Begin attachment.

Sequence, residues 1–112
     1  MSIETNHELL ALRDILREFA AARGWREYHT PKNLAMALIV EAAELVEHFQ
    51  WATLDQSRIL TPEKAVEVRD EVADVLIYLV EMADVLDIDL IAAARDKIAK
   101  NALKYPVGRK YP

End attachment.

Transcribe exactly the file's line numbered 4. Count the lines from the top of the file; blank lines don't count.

   101  NALKYPVGRK YP